Amid increased volatility, fueled by global trade tensions, investors reduced risk in June, departing equity funds in favor of fixed income funds.
Recent data from Morningstar indicate June 2018 was the worst month for equity fund flows, including mutual funds and exchange traded funds, since August 2015.
“Overall, long-term U.S. open-end funds and ETFs had their greatest outflows since August 2015 of approximately $22.1 billion,” said Morningstar. “The bulk of these outflows stemmed from U.S. equity, which saw $20.8 billion of outflows—$17.1 billion from active funds and $3.7 billion on the passive side.”
International equity funds, including emerging market funds, were hit hard by outflows last month as investors grew pensive about the specter of a full-blown trade war between the U.S. and China. For example, the iShares MSCI Emerging Markets ETF (NYSEArca: EEM) saw June outflows of $5.35 billion, more than any other ETF.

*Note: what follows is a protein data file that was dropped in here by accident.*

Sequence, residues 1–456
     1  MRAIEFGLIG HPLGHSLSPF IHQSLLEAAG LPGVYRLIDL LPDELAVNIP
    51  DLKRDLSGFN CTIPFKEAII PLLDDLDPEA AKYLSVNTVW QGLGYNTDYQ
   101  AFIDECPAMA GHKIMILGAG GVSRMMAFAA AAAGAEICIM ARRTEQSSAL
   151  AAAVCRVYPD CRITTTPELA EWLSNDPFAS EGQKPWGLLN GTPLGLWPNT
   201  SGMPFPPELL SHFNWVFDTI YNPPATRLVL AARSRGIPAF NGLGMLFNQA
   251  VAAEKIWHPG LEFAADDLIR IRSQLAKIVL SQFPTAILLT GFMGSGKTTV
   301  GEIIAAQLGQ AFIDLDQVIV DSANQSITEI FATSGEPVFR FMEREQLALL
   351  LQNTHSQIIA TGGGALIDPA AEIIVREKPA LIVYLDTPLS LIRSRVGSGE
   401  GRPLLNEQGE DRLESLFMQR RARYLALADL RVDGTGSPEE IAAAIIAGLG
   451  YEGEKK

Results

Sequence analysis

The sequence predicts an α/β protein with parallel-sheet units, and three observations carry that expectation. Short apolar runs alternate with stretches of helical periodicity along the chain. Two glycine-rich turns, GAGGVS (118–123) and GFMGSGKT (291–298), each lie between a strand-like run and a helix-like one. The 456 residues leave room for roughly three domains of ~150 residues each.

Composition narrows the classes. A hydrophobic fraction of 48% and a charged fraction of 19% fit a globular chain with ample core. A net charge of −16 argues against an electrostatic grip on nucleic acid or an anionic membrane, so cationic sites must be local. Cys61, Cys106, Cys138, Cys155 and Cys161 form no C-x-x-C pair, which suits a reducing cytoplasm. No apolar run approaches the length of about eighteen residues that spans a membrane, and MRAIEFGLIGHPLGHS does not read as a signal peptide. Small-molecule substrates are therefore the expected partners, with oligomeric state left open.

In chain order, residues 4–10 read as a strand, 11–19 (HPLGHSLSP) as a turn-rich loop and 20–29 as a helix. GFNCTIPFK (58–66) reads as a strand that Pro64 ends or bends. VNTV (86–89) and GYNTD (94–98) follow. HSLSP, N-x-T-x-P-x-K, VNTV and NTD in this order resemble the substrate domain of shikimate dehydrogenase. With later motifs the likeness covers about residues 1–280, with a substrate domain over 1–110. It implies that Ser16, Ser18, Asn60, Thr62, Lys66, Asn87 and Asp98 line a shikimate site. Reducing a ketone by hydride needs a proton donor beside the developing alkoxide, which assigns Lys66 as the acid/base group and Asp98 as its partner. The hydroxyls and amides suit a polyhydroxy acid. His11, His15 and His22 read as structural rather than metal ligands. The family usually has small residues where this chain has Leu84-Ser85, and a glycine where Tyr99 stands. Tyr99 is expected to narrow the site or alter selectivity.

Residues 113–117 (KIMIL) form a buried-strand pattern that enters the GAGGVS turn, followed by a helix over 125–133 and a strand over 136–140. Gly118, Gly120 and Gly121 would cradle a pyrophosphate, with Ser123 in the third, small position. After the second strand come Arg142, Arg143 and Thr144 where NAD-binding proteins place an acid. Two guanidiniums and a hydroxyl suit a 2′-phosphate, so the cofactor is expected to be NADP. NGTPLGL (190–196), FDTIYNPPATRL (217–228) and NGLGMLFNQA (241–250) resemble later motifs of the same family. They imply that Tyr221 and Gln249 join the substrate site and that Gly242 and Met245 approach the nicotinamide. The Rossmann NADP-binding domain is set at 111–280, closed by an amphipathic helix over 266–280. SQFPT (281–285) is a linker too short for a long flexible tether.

“International-equity funds suffered the most outflows since 2008 with $9.8 billion in outflows, which was due largely to emerging-market outflows,” said Morningstar.
“Investors may have gotten spooked by the turmoil in emerging markets, which left the average diversified emerging-markets equity fund down 8.9% over the past three months,” according to Morninstar. “Investors pulled about $8 billion from diversified emerging-marketsequity funds, the greatest net redemptionin at least a decade.”
One of the areas investors favored last month was short-term bonds. Funds such as the Vanguard Short Term Bond (NYSEArca: BSV) added new assets. The Vanguard Short-Term Bond fund tries to track the performance of a a market-weighted bond index that covers investment-grade bonds with a dollar-weighted average maturity of 1 to 5 years.